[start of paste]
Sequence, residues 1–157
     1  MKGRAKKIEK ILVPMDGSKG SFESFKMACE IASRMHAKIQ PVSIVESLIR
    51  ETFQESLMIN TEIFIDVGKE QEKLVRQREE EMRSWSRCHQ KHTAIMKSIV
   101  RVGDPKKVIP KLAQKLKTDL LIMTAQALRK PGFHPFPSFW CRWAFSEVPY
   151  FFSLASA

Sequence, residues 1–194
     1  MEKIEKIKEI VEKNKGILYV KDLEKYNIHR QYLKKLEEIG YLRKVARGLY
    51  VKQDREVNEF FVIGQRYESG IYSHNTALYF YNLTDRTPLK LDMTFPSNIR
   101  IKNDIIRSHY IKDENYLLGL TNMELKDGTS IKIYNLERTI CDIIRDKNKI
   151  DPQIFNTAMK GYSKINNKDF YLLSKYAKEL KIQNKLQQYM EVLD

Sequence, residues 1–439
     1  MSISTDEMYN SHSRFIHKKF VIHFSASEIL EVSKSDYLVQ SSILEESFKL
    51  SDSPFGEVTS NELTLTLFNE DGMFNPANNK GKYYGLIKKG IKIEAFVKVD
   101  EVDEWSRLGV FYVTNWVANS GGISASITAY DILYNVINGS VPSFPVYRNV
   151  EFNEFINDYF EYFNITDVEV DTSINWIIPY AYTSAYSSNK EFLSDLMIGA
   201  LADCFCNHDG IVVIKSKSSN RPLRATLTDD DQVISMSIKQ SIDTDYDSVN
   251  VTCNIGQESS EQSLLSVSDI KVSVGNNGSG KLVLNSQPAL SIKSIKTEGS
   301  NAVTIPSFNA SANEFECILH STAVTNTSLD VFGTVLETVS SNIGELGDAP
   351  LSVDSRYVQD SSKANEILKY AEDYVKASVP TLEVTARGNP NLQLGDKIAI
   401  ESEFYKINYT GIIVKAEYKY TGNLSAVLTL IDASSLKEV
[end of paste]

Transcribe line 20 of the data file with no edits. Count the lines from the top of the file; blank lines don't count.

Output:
   401  ESEFYKINYT GIIVKAEYKY TGNLSAVLTL IDASSLKEV